Overcome with astonishment and dread, the Baroness was for some time deprived of all power of reply. At length, roused by the spirit of indignation, “I am too well informed, my Lord,” said she, “of my just claims to the lands in question; and know also too well the value of that integrity which is now no more, to credit your bold assertions; they serve only to unveil to me the darkness of a character, cruel and rapacious; whose boundless avarice, trampling on the barriers of justice and humanity, seizes on the right of the defenceless widow, and on the portion of the unresisting orphan. This, my Lord, you are permitted to do; they have no means of resistance; but think not to impose on me by a sophistical assertion of right, or to gloss the villainy of your conduct with the colours of justice; the artifice is beneath the desperate force of your character, and is not sufficiently specious to deceive the discernment of virtue. From being your prisoner I have no means of escaping; but never, my Lord, will I resign into your hands that will which is the efficient bond of my rights, and the last sad record of the affection of my departed Lord.” Grief closed her lips. The Baron denouncing vengeance on her resistance, his features inflamed with rage, quitted the apartment. The Baroness was left to lament, with deepening anguish, the stroke which had deprived her of a beloved husband; and reflection gave her the wretchedness of her situation in yet more lively colours. She was now a stranger in a foreign land, deprived by him, of whom she had a right to demand protection, of all her possessions; a prisoner in his castle, without one friend to vindicate her cause, and far remote from any means of appeal to the laws of the country. She wept over the youthful Laura, and while she pressed her with mournful fondness to her bosom, she was confirmed in her resolution never to relinquish that will, by which alone the rights of her injured child could ever be ascertained.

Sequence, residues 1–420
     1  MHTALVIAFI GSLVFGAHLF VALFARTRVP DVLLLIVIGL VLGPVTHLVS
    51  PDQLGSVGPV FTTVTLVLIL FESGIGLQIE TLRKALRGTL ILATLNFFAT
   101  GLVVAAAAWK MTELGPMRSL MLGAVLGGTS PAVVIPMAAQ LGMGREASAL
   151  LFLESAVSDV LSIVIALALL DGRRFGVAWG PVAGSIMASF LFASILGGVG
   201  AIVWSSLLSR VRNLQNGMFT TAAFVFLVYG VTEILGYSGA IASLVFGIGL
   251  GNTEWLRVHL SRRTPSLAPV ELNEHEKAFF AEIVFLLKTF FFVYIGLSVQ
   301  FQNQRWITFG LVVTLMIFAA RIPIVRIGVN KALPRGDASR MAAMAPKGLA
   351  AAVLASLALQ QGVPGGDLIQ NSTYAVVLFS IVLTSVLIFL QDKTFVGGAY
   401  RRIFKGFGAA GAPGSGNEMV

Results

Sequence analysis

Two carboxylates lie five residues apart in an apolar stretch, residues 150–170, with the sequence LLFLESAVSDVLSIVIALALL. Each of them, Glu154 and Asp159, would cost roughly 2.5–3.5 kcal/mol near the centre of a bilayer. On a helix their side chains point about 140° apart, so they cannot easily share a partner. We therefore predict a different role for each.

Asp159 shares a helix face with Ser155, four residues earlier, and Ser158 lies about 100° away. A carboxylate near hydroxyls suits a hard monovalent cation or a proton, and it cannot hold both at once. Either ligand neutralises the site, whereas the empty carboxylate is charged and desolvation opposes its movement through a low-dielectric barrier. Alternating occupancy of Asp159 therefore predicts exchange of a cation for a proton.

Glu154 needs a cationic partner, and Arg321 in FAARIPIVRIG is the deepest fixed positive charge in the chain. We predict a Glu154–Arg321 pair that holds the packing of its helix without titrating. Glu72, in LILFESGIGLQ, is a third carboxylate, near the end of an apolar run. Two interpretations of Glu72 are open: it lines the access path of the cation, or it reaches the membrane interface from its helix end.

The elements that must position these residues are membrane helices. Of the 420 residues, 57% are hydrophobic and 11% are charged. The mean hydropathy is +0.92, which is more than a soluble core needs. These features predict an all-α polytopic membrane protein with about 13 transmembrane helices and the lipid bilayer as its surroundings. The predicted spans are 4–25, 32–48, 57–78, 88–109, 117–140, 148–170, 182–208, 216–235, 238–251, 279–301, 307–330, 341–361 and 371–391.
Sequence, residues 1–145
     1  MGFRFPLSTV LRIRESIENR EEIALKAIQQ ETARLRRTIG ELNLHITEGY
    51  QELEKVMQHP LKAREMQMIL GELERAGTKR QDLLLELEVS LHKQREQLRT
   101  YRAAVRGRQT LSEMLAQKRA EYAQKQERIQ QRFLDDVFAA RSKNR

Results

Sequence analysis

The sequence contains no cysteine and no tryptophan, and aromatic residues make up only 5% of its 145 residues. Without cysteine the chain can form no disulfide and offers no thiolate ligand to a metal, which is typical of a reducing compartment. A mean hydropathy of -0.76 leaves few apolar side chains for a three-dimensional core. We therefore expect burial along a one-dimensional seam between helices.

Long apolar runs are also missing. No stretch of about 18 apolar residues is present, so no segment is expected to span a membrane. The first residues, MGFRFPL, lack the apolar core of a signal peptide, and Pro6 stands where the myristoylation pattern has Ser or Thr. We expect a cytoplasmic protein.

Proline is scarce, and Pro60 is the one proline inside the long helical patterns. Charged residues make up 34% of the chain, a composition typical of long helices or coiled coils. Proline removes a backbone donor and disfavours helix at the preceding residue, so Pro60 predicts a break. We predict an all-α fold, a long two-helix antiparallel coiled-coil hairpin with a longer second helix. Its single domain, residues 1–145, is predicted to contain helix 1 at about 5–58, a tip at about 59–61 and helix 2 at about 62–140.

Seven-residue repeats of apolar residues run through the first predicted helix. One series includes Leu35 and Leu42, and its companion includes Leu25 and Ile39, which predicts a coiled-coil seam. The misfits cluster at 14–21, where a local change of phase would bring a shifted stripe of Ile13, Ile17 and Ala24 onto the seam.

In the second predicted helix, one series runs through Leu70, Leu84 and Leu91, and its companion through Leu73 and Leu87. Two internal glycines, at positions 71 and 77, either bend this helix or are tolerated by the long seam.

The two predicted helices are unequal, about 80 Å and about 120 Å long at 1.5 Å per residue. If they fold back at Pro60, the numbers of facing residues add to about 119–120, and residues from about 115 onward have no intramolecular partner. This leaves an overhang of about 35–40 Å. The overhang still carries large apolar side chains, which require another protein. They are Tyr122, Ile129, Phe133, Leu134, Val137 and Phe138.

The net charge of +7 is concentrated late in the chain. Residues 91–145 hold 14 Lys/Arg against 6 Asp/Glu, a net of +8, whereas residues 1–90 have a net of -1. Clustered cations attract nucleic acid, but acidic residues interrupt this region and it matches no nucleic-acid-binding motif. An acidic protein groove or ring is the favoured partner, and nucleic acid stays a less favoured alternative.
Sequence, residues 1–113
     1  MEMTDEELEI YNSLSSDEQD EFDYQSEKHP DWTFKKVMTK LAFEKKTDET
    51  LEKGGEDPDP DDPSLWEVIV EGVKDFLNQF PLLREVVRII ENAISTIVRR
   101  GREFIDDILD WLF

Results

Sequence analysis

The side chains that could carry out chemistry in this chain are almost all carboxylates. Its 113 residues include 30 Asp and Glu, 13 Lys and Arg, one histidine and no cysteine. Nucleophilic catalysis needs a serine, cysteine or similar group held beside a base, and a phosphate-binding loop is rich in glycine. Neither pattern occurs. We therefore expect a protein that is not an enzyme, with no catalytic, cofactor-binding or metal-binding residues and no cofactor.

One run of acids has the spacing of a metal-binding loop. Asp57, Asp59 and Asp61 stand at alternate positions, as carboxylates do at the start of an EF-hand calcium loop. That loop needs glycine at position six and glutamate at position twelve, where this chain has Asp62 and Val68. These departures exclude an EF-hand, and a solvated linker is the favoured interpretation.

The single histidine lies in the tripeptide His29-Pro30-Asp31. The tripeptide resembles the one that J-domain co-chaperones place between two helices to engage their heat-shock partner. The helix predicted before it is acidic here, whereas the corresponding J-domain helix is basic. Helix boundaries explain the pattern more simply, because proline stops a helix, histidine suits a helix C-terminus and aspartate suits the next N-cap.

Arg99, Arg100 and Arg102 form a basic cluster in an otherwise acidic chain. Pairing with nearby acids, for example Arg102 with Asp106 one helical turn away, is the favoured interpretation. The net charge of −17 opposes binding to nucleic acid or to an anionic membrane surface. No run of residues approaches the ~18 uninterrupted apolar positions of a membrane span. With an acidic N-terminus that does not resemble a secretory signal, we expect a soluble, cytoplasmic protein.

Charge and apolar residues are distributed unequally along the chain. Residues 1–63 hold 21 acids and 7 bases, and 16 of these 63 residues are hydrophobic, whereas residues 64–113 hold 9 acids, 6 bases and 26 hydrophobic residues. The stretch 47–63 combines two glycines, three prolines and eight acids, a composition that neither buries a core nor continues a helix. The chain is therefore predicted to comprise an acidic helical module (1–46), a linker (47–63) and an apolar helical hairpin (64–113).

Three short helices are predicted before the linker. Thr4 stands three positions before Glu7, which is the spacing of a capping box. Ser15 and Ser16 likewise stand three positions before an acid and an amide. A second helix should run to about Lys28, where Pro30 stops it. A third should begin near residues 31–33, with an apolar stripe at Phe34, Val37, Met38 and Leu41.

The Baron, bold in iniquity, obtained, by forged powers, the revenues of the foreign estates; and by this means, effectually kept the Baroness in his power, and deprived her of her last resource. Secure in the possession of the estates, and of the Baroness, he no longer regarded the will as an object of importance; and as she did not attempt any means of escape, or the recovery of her rights, he suffered her to remain undisturbed, and in quiet possession of the will.
The Baroness now passed her days in unvaried sorrow, except in those intervals when she forced her mind from its melancholy subject, and devoted herself to the education of her daughter. The artless efforts of Laura, to assuage the sorrows of her mother, only fixed them in her heart in deeper impression, since they gave to her mind, in stronger tints, the cruelty and oppression to which her tender years were condemned. The progress which she made in music and drawing, and in the lighter subjects of literature, while it pleased the Baroness, who was her sole instructress, brought with it the bitter apprehension, that these accomplishments would probably be buried in the obscurity of a prison; still, however, they were not useless, since they served at present to cheat affliction of many a weary moment, and would in future delude the melancholy hours of solitude. Laura was particularly fond of the lute, which she touched with exquisite sensibility, and whose tender notes were so sweetly in unison with the chords of sorrow, and with those plaintive tones with which she loved to accompany it. While she sung, the Baroness would sit absorbed in recollection, the tears fast falling from her eyes, and she might be said to taste in those moments the luxury of woe.
Malcolm, stung with a sense of guilt, avoided the presence of his injured captive, and sought an asylum from conscience in the busy scenes of war.